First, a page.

Reclaiming the Sierra

Gold Country Mines Tour

Gold Country Mines Full-Day Tour
Monday April 20th, 2015 – 8:15 am – 4:45 pm

 Tour Sponsored by:  Department of Conservation, Office of Mine Reclamation

Tour participants joined The Sierra Fund Chief Executive Officer Elizabeth “Izzy” Martin and Science Director Dr. Carrie Monohan on the Gold Country Mines Tour to view some stunning – yet contaminated – historic mine lands; clean up technologies and breathtaking scenery. This tour included two stops:

  • Malakoff Diggins State Historic Park: California Department of Parks and Recreation owns what was once one of the world’s first and largest hydraulic mines. Tour participants walked into this nearly two mile long, one mile wide hydraulic mining pit and look at the historic Hiller Tunnel that is the outlet for surface water discharge from the pit. The Sierra Fund and USGS scientists talked about assessment activities occurring at this site and proposed pilot project, funded in part by the Sierra Nevada Conservancy and conducted in cooperation with State Parks, to reduce sediment and mercury discharge form the pit into the Yuba River.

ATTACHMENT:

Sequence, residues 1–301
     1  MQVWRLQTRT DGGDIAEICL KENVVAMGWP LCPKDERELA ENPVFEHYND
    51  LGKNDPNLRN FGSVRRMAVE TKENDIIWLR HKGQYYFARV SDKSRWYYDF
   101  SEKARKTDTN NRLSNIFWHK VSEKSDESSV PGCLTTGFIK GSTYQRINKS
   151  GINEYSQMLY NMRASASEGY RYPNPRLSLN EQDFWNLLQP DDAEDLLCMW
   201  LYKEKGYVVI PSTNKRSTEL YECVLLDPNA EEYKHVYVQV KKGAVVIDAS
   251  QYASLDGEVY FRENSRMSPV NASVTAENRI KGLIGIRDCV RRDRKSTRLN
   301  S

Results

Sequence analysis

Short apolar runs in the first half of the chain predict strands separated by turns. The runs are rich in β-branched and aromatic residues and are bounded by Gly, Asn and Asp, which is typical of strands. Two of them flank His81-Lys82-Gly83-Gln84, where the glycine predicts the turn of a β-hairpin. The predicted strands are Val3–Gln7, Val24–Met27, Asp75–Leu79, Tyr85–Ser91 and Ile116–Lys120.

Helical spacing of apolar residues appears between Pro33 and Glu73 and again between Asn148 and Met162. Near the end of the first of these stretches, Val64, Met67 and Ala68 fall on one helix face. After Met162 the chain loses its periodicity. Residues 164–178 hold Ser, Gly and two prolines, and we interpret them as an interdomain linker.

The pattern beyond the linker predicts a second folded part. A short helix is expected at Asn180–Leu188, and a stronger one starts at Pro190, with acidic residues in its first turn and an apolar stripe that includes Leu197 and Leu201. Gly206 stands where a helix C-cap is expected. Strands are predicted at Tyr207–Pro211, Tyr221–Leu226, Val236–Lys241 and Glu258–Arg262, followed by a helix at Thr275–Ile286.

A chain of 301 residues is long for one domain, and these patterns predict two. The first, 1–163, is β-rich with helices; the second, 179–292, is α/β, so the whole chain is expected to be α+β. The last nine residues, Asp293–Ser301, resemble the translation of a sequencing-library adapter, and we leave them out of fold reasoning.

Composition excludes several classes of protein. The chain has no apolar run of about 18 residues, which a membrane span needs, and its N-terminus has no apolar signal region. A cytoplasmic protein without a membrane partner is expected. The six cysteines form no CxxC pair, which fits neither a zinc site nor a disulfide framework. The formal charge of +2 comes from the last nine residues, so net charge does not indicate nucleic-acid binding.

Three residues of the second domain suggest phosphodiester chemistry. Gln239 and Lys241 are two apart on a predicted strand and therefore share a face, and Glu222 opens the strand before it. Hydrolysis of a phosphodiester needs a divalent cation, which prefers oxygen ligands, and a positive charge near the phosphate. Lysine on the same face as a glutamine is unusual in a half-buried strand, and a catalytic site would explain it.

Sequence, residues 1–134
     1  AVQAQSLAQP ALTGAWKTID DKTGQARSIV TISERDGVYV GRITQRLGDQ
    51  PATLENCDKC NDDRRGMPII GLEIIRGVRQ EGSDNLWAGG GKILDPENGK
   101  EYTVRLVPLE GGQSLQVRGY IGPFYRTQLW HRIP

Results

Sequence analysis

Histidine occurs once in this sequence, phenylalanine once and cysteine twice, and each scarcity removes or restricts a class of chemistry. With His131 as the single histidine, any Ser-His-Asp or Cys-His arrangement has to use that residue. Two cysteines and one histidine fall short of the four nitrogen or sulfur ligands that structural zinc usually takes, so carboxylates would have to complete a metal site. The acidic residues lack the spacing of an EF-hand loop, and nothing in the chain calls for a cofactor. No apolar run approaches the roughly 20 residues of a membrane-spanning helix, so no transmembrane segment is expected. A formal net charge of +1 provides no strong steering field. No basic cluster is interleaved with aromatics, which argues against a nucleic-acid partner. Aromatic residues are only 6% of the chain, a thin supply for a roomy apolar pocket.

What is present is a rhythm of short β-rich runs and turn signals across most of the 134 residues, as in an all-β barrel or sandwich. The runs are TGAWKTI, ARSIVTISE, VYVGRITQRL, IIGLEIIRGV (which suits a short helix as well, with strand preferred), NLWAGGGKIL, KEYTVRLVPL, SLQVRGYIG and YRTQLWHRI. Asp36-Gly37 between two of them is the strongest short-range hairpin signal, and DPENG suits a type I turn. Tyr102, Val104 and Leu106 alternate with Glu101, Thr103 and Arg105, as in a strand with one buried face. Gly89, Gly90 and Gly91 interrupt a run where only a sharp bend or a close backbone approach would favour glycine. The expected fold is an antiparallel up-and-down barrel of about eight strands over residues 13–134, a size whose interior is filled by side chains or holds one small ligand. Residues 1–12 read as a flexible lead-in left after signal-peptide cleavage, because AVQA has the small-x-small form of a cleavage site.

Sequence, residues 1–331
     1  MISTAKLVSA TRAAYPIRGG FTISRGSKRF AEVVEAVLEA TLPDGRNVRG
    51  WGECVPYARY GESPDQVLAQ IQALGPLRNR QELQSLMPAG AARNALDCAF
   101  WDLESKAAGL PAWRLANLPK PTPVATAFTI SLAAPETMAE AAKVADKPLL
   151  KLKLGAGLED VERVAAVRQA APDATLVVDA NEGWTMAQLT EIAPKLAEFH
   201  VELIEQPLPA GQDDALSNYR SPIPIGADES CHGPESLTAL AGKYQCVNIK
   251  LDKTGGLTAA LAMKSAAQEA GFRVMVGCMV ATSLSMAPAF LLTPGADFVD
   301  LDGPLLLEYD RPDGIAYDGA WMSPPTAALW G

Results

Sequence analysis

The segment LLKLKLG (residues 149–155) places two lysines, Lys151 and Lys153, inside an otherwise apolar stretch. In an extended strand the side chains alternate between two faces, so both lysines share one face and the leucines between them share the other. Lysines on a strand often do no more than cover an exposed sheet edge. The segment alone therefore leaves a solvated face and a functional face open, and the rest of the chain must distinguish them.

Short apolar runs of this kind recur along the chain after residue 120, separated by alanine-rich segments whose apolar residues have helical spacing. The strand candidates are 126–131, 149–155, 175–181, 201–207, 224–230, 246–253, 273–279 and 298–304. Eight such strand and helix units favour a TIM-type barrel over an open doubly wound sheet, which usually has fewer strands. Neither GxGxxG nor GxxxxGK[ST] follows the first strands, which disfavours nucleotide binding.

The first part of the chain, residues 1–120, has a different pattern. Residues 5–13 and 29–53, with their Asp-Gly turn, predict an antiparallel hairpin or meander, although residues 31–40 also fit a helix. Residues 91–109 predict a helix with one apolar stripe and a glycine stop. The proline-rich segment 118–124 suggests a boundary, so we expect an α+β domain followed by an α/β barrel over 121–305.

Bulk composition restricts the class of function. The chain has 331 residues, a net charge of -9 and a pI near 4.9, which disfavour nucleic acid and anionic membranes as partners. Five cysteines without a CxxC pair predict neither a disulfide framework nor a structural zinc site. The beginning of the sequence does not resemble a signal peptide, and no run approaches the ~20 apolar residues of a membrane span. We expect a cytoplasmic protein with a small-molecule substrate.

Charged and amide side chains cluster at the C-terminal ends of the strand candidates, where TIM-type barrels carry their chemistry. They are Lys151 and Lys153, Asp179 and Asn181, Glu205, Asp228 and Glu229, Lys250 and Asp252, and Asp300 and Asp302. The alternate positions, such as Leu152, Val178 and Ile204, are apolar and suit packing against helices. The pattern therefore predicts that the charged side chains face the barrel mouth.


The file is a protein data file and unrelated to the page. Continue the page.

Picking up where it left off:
• The Combie Reservoir Sediment and Mercury Removal Project: The Nevada Irrigation District (NID) owns and operates Combie Reservoir which is located on the Bear River and listed as impaired from mercury. Tour participants viewed a demonstration of an innovative process and state of the art machinery that removes elemental mercury from dredged sediments and treats turbid water discharge, part of NID’s precedent setting project to combine reservoir maintenance with mercury remediation. NID representatives and engineers talked about the situation they face as mercury contaminated sediment occupies valuable water storage space in their reservoirs.